See something, say something! In our times of imminent aggression, unpredictable dangers, and morphing violence, this is a social mantra we all recite daily. As our modern society advances in technologies of protective surveillance and pre-emptive action against every possible evil, we become increasingly cautious, caring for our integrity, and defending our space. What we often forget, in our defensive strategies, is that not all evils are visible; the way we look is a culturally endowed practice, so much so that seeing is not really seeing, but rather recognising ideas and concepts we've been taught.

VB66.138.VB, 2010-2011 by Vanessa Beecroft.

VB66.138.VB, 2010-2011 by Vanessa Beecroft.

What happens, though, when we see, but we can´t recognise? Female Genital Mutilation (FGM) is a hidden form of aggression which often evades social scrutiny, one type of violence we might all miss at first glance. Seeing, in this case is, by itself, irrelevant. What matters is knowing: knowing that more than 200 million women alive today suffered from Female Genital Mutilation, knowing that this cruel practice is a severe violation of the human rights of girls and women, and acknowledging that, if nothing is done, approximately 3 million girls will still be victims of FGM annually. What matters is not ignoring, not forgetting, and not accepting!

We addressed the topic before, and we now return to it, with the certainty that every spoken word against FGM counts, every message weighs against this dangerous practice, and every effort to educate is a step closer to taking down the barrier of silence surrounding it.

Undated photograph of Nude Woman with Model of the Earth by Spencer Tunick.

Undated photograph of Nude Woman with Model of the Earth by Spencer Tunick.

Despite the intense work of global organisations like the World Health Organization and the United Nations Population Fund to effect policy change, advance research, and eventually eradicate this practice, to mainstream media and public opinion Female Genital Mutilation remains an under-discussed topic, and often a taboo. This deepens the gap between awareness and eradication, reproducing a regime of silence that mimics ignorance.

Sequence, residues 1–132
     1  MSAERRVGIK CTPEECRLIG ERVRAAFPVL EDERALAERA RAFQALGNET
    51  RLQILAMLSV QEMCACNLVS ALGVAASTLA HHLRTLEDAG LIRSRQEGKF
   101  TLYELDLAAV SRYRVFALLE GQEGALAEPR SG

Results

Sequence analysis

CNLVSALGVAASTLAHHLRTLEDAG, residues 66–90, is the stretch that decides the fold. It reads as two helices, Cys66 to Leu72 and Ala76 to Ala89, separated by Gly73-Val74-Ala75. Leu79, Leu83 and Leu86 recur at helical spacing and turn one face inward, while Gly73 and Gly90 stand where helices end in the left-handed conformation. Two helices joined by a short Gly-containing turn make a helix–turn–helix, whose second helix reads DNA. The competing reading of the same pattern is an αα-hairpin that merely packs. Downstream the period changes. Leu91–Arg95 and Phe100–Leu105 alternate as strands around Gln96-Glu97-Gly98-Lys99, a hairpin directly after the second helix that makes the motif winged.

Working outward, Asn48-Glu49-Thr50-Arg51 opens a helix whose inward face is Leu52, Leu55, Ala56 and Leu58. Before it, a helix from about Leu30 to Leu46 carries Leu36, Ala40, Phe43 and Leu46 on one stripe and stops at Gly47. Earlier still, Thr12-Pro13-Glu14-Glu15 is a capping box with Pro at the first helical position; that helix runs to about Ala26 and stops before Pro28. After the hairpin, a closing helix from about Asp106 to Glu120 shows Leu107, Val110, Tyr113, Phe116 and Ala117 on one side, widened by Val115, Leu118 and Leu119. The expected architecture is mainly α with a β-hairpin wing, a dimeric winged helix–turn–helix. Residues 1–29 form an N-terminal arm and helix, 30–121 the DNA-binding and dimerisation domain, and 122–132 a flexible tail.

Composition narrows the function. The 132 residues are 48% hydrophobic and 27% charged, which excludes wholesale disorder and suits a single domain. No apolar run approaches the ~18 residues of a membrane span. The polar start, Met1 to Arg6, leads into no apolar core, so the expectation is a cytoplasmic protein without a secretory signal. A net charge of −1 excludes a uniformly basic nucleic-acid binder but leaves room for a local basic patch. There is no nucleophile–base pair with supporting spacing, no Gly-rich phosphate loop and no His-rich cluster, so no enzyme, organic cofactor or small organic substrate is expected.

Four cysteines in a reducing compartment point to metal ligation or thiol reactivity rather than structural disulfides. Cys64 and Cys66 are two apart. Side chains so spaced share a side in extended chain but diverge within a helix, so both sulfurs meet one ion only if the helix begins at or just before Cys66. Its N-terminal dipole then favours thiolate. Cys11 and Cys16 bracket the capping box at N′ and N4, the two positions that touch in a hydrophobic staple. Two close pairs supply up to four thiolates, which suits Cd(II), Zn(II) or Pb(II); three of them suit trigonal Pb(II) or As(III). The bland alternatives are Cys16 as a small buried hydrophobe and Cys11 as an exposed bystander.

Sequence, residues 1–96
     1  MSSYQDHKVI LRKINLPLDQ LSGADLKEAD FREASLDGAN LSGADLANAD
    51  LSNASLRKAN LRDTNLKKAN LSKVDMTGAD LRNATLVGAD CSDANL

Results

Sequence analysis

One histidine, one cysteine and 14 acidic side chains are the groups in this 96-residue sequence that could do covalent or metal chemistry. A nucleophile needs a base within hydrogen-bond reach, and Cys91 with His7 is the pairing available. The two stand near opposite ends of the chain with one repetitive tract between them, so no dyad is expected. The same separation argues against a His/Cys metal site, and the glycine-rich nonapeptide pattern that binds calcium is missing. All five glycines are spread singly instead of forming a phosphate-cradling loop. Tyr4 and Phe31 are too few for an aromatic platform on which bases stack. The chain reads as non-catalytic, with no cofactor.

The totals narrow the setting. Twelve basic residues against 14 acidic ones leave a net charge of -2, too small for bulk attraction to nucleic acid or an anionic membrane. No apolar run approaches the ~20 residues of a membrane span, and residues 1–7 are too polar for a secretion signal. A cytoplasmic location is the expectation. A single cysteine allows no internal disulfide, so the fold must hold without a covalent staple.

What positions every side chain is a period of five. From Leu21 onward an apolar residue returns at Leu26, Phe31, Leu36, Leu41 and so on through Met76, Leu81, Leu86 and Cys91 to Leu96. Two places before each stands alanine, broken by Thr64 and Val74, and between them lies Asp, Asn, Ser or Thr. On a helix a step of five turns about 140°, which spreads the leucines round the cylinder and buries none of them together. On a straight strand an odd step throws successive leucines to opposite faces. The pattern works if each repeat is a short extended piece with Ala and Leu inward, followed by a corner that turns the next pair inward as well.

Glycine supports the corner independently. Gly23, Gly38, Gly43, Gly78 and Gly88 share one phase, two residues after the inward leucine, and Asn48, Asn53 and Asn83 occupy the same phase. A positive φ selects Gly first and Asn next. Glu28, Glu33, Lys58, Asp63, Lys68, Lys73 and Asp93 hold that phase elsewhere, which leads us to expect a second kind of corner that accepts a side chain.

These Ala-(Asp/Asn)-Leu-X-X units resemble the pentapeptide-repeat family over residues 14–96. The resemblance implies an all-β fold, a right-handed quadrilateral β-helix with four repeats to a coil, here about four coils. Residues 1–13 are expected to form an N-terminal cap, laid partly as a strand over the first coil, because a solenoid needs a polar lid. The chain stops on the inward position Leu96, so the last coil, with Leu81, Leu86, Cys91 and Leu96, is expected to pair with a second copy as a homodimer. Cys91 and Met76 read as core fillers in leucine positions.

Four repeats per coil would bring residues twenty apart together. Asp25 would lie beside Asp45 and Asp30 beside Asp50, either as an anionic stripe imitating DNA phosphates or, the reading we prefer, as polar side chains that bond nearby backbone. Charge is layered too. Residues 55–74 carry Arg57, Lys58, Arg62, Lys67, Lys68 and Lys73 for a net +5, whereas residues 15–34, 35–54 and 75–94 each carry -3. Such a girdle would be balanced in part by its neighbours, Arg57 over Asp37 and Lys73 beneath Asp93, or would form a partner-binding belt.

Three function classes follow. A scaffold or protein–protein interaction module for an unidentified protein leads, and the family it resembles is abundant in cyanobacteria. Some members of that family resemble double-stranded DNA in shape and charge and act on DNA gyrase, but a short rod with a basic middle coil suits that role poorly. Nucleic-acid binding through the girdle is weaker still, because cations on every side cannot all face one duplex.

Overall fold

In the words of Arifa Nasim, Founder and Executive Director of London-based Educate2Eradicate, a newly launched organisation committed to raising awareness about Female Genital Mutilation: “When discussing irreversible harmful practices such as FGM, prevention is the key to eradicating the practice.” We subscribe fully to this, and understand the essential role of education and informed dialogue in eliminating FGM as a form of cultural violence with deep consequences for individuals.

VB66.141., 2010-2011 by Vanessa Beecroft.

VB66.141., 2010-2011 by Vanessa Beecroft.

We hereby call our community to acknowledge the importance of educated social seeing, of informed conversation, and outspoken attitude that can remove the cloak of invisibility keeping millions of girls and women victims of a traumatising, unnecessary, and irreversible practice.

Join us in calling for better access to information, education, and training with the purpose of preventing Female Genital Mutilation and protecting thousands of young women at risk. Sign the petition here.

Words: Elena Stanciu